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Banishing the biopirates: a new approach to protecting traditional knowledge

Krystyna Swiderska

Report/paper, 24 pages

The livelihoods of indigenous peoples and the conservation of biodiversity worldwide depend on conserving and protecting traditional knowledge of the use and functioning of biological and natural resources. This traditional knowledge (TK) has helped develop the millions of farmers’ food crop varieties in use today, as well as a wealth of traditional medicines and techniques for sustainable agriculture and resource use. Yet this knowledge is rapidly disappearing. It is under increasing threat from both intellectual property regimes and economic globalisation processes which undermine traditional rural livelihoods. This loss is occurring despite the fact that the Convention on Biological Diversity (CBD) requires member countries to respect, preserve and maintain traditional knowledge, innovations and practices and encourage the fair and equitable sharing of benefits from their use.International and national policies have so far proved inadequate to protect traditional knowledge. The dominant paradigms of access and benefit-sharing and intellectual property rights fail to adequately protect TK because they reflect western norms and laws, and focus narrowly on protecting intellectual rights. This paper describes how indigenous and farmers’ organisations are calling for more holistic approaches to protecting their rights to TK, bio-genetic resources, territories, culture and customary laws. These components of indigenous knowledge systems and heritage cannot be separated. A new framework for protecting TK, known as collective bio-cultural heritage, addresses biodiversity and culture together, rather than separating them; recognises collective as opposed to individual rights; and places them in the framework of ‘heritage’ as opposed to ‘property’.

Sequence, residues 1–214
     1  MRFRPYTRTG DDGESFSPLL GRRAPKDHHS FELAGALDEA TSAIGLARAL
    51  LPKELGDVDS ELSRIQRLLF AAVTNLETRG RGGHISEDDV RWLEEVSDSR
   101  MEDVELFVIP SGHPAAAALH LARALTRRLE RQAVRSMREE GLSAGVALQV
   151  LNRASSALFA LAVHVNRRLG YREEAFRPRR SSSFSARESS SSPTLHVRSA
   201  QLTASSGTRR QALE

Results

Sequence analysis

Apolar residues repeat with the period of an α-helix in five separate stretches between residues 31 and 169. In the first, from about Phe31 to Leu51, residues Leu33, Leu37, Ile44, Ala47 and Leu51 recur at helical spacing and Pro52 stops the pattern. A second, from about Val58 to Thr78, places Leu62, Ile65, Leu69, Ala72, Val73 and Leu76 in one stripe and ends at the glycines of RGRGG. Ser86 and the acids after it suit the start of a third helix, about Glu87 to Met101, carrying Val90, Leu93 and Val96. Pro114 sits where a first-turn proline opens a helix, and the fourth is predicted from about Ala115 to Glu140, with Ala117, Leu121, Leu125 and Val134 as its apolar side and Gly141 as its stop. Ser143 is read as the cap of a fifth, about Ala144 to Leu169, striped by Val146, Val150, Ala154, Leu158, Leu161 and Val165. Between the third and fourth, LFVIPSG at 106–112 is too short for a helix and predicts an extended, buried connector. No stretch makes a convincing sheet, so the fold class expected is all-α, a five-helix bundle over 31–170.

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Publication information

  • IIED code: 14537IIED
  • Published: Dec 2006 - IIED
  • Theme: Biodiversity
  • Series: Gatekeeper 129
  • ISSN: 1357-9258
  • Language: English

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The current system of intellectual property rights is designed to promote commercial and scientific innovation. It offers little scope for protecting the knowledge rights of indigenous peoples, traditional farmers and healers, whose survival requires collective – not exclusive – access to new knowledge and innovations.

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Protecting community rights over traditional knowledge

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